Labor-Management Conflict (cont.)
  • In severe or extreme labor-management dispute, government may get involved.
  • Can seize operations of an industry until conflict is settled.

Ex. 1946 U.S. seized the coal industry because of the countries need for this energy source. Operation of the mines continued, until labor and management came to an amicable agreement






major events in union history
Major Events in Union History
  • 1869 – Knights of Labor founded
  • 1882 – First Labor Day parade
  • 1886 – AFL founded
  • 1892 – Homestead Strike
  • 1911 – Triangle Shirtwaist factory fire
  • 1912 – Bread and Roses strike; Dept. Labor founded
  • 1914 – Ludlow Massacre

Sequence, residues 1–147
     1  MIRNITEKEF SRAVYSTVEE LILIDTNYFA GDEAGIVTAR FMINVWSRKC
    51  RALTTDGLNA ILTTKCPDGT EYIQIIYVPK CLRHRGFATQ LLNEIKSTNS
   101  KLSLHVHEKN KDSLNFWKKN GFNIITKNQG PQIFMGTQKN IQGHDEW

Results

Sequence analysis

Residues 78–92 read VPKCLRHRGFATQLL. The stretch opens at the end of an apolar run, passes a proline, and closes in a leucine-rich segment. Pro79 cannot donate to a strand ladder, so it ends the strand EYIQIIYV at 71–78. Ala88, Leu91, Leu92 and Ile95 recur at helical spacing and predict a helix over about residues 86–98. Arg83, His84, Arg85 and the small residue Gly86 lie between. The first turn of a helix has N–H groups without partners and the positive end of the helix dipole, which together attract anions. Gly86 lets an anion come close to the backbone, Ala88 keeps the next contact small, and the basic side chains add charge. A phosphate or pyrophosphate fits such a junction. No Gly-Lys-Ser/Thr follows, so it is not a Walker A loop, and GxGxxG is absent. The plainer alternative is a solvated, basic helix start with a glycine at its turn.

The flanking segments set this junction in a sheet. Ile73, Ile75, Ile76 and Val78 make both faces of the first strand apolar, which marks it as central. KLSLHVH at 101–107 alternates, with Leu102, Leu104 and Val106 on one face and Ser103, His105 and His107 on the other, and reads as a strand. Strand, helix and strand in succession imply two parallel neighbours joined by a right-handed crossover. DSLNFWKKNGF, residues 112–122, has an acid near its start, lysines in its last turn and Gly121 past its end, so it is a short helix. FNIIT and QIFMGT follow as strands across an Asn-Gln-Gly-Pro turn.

• 1920 – Women get right to vote in US
  • 1946 – Largest strike wave in US history
  • 1947 – Taft-Hartley Act
  • 1955 – AFL and CIO merge
  • 1970 – Occupational Safety and Health Act passed (OSHA)
  • 1981 – President Reagan breaks air traffic controllers strike
  • 2013 – Union membership hits 97 year low (14.3 million union members, 11.3% of population)
if an item has competing brands it is defined as
If an item has competing brands it is defined as:
  • Complimentary
  • Mr. Freeze
  • Inelastic
  • Elastic
unions today
Right to Work States

Prevents unions from forcing workers to join

Movement of Human Capital

Rust belt – the North

Sun belt – the South

Factories & businesses moved from the rustbelt to the sunbelt

Weather was better

Cheaper labor

No existing unions

White collar vs. Blue collar jobs

White Collar = upper management